*DEVELOPMENT TEAM:  the final 25% are solid performers who, with the right motivation, a break or two, and ongoing training will become “PROS”.  They are the future of your company!


Did you ever stop and think about how many hours professional athletes have practiced in their lifetimes.  Ever wonder why Michael Phelps has a coach to help him with his breaststroke? Or why Dirk Nowitski has a jump shot coach? Or Rafael Nadel a back hand coach? It is certainly not because they are under-performers or WANNABEES. It is to support exceptional performance in the quest for constant improvement.

There is a fascinating book that I would encourage everyone to add to their sales library: Outliers, by Malcolm Gladwell (the author of Blink).

Early on Gladwell quotes neurologist Dr. Daniel Levitin: “ten thousand hours of practice is required to achieve the level of mastery associated with being a world class expert – in anything.” “In study after study of composers, basketball players, fiction writers, ice skaters, chess players, composers, concert pianist, master criminals, and what have you, this number comes up again and again.”

Gladwell goes on to give other examples: the Beatles, Bill Gates,Steve Jobs and shares this observation from John Lennon: “it was fascinating, the more we practiced, the better we got.”

How many hours of practice do you think the average printing sales person has committed to his or her craft?  How many hours of coaching have they received?

 Are any of us even close to approaching 10,000 hours?



Do you  know what makes your sales team successful?

Do you have an inventory of their strengths and weaknesses?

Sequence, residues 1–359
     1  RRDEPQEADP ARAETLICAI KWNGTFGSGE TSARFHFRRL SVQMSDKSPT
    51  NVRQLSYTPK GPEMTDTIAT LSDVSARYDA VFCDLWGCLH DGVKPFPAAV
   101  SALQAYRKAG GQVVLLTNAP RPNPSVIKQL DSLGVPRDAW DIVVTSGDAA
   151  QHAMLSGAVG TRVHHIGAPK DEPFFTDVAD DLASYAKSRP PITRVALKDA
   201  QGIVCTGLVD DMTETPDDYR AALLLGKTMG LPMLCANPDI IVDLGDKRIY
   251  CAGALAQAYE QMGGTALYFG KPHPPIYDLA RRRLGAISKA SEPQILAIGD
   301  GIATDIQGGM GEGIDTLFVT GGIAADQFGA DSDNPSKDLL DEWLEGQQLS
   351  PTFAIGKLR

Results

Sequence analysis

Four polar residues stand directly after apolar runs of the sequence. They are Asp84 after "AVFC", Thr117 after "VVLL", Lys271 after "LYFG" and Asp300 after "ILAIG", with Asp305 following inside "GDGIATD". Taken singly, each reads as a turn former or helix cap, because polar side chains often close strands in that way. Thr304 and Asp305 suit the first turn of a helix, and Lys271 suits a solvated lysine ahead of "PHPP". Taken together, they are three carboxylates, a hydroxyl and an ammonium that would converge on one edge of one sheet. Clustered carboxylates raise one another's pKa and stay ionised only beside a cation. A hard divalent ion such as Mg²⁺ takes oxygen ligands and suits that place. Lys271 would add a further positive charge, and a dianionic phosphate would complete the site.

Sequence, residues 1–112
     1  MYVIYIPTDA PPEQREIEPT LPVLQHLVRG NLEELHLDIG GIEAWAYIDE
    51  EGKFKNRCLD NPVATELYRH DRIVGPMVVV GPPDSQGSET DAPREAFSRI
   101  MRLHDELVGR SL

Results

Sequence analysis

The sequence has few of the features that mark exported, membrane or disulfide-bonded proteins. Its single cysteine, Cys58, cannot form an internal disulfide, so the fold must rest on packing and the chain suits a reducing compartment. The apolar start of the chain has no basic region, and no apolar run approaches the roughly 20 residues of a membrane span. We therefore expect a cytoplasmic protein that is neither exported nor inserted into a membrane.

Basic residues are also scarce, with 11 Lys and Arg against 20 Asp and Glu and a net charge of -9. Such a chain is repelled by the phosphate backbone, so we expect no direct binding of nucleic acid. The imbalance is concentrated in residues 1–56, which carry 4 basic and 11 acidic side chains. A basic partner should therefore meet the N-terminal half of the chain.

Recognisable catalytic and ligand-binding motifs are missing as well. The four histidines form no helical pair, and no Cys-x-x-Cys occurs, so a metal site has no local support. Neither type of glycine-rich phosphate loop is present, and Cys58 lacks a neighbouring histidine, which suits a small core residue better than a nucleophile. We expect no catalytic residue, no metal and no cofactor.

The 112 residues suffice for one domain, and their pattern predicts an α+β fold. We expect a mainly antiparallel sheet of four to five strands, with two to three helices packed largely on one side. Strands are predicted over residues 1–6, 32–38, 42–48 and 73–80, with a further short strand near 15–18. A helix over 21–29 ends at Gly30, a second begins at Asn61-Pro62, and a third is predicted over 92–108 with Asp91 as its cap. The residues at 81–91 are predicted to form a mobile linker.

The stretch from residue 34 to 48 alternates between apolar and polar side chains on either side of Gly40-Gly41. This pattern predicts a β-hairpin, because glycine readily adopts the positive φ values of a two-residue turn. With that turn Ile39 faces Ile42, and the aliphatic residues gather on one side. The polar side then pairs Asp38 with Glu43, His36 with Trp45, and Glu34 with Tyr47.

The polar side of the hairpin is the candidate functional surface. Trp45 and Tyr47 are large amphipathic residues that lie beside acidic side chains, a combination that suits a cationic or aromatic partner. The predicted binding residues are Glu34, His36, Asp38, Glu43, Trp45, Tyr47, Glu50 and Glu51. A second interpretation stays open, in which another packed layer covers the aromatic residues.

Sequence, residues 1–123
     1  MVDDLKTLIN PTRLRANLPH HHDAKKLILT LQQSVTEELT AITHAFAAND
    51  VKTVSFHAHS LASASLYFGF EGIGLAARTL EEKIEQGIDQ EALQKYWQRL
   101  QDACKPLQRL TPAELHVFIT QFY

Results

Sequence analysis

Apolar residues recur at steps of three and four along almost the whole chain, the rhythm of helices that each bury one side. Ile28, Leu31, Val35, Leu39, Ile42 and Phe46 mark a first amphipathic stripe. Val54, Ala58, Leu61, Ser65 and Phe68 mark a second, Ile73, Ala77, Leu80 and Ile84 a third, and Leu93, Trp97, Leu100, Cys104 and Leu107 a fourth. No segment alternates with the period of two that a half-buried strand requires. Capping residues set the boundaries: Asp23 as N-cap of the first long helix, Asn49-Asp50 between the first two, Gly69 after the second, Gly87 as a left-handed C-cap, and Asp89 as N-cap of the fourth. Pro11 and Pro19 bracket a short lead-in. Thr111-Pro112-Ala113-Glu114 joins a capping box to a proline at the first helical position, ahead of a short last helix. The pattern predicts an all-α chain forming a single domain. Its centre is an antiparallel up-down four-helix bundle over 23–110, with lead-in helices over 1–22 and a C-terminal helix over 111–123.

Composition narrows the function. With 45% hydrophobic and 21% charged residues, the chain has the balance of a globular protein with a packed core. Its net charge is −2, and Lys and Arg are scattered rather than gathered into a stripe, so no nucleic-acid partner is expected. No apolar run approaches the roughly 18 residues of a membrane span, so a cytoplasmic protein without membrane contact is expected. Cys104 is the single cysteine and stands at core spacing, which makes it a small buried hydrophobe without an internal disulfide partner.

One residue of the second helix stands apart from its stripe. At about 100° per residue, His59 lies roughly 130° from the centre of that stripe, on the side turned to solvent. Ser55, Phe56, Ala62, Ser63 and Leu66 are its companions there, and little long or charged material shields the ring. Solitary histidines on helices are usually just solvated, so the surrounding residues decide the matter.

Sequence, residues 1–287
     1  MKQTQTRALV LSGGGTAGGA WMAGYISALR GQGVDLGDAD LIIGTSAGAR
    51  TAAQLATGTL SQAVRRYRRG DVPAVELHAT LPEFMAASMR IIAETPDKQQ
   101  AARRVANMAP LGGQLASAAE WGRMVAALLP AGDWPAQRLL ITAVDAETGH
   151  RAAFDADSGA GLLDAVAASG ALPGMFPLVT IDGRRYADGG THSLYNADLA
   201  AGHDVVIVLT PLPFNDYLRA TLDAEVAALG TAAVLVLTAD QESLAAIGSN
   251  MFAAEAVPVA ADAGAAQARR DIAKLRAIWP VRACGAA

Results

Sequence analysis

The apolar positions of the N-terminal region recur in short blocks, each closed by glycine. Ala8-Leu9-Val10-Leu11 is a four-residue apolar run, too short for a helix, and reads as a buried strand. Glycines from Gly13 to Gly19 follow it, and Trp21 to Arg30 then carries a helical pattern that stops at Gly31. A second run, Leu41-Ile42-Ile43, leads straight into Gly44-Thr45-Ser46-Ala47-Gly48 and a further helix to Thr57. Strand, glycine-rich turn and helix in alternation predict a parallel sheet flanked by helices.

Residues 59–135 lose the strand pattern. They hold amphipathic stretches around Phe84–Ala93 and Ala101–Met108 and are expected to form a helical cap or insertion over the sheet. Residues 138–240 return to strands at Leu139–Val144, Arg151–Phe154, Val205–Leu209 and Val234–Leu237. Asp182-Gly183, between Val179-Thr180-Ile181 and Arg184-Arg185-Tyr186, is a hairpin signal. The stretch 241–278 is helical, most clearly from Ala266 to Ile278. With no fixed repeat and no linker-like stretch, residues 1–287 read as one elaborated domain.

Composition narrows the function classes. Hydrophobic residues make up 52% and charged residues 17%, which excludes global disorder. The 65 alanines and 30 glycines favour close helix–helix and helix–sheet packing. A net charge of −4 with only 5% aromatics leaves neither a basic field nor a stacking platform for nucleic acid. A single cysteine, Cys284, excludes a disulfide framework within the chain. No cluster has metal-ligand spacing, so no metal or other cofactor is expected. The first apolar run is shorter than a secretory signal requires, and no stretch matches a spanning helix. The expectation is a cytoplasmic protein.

Do you have a “custom success profile” of your top producers to use as a barometer for future hires and as a developmental road map for the rest of your team?

Do you know how the SALES PROFESSIONALS on your team actually compare to your WANNABEES (every sales team has some) when it comes to organizational skills, recognition needs, imagination, sensitivity, social need, competitiveness, assertiveness, probing levels, tension, and flexibility?

You should!  The short and long term financial health of your company depends on it!

PS:  In case you don’t recognize the center fielders I’ve pictured (and who I consider the best of the best) , I’ll list the names the next time I post something ‘brilliant’.   As always, thanks for being here.

Craig McConnell, President 


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Managing Your ‘Unmanagable’ Sales Menagerie

Posted on under Sales Management 101.


Managing Your Sales Menagerie

I doubt that there is a sales manager anywhere who has not at one time or another stared out at his ‘audience’ at an early morning sales meeting and said (with apologies to Billy Joel) ‘Man, what am I doing here?”

You get no eye contact (think Southwest Airlines as you try to keep the middle seat empty), body language that is bored and apathetic at best, and in many cases you find yourself trying to have a discussion with a group of people who have suddenly forgotten how to talk.

What are you supposed to do with the reps that expect preferential treatment, never take responsibility, or always find something to whine about?  Or, what about the ones who have lost the ability to think on their own and are quick to blame you for their lack of productivity and have more excuses than Missouri has meth labs?